Review: Patti Smith’s ‘Year of the Monkey’ blurs past and present


Patti Smith’s “Year of the Monkey” is a book of dreaming. Not individual dreams so much as the condition itself. “I just sighed,” she confides late in this deft and enigmatic narrative. “Was it all a dream? Was everything a dream?” She is referring equally to the story she is telling and the insubstantiality of life.

“Year of the Monkey” may come billed as a memoir, but really it is less in the vein of Smith’s National Book Award-winning “Just Kids” than of her poetry, or impressionistic works such as “M Train” and “Woolgathering.” There, the author traces a line between the routines of existence and what she has called “the unforeseen quantity, the muse that assails at the hidden hour.” That muse emerges via the “silk of souls” she has assembled of the friends and family she has lost.

For anyone familiar with her career, those souls will be familiar: the photographer Robert Mapplethorpe, her brother Todd, her late husband Fred. The last two appear in “Year of the Monkey,” as well as an array of cultural heroes, including Roberto Bolaño and Jerry Garcia. Along with two dying friends — producer Sandy Pearlman, whose cerebral hemorrhage serves as a precipitating incident, and Smith’s beloved Sam Shepard, the playwright and actor whose deterioration from ALS leads to the book’s denouement — they ground “Year of the Monkey,” reminding us that despair and possibility often spring from the same source.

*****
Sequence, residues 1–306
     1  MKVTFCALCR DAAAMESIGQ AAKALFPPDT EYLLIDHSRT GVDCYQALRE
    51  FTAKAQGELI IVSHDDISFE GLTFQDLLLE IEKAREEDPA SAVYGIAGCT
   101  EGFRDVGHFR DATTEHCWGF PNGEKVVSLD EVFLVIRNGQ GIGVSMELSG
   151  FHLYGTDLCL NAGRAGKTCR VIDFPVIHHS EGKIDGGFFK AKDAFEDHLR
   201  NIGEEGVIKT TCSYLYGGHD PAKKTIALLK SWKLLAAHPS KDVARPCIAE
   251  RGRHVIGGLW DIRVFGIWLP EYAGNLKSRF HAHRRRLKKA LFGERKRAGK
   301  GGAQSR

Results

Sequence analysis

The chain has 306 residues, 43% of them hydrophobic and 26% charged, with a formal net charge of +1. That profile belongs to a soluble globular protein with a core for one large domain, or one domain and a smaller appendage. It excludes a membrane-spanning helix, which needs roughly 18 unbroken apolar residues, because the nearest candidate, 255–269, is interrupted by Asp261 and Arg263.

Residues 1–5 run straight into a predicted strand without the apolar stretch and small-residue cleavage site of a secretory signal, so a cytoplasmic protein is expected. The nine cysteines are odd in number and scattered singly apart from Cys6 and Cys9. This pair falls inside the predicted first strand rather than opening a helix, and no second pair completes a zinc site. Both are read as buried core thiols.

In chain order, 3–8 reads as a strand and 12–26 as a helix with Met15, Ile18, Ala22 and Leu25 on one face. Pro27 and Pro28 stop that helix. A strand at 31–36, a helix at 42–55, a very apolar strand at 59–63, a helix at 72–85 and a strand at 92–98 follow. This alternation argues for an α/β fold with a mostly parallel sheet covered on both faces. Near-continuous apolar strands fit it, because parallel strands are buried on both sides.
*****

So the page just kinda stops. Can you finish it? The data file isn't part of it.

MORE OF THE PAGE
“Here’s what I know,” Smith intones. “Sam is dead. My brother is dead. My mother is dead. My father is dead. My husband is dead. … Yet still I keep thinking that something wonderful is about to happen.” This may seem a contradiction, but that’s the point: that life can’t help but confound us, that what centers us, paradoxically, is our unknowing, that the line is always blurred between present and past.

For Smith, this blurriness sits right on the surface; brilliantly, she weaves it into her narrative. “Marcus Aurelius,” she writes. “I opened his ‘Meditations’: Do not act as if you had ten thousand years to live. … This made terrible sense to me, climbing the chronological ladder, approaching my seventieth year. Get a grip, I told myself, just revel in the last seasons of being sixty-nine, the sacred Jimi Hendrix number, with his answer to such a caution: I’m going to live my life the way I want to.”

Were she less assured in her telling, the passage might appear forced, off-putting, those other voices keeping us at arm’s length. In “Year of the Monkey,” though, the opposite happens: The distance is collapsed. Smith is showing us her inner life, the interplay she shares with that silk of souls. It is as if everything she has heard or read, everything she has been, continues to co-exist inside her. We recognize this to be accurate because something similar is true of us.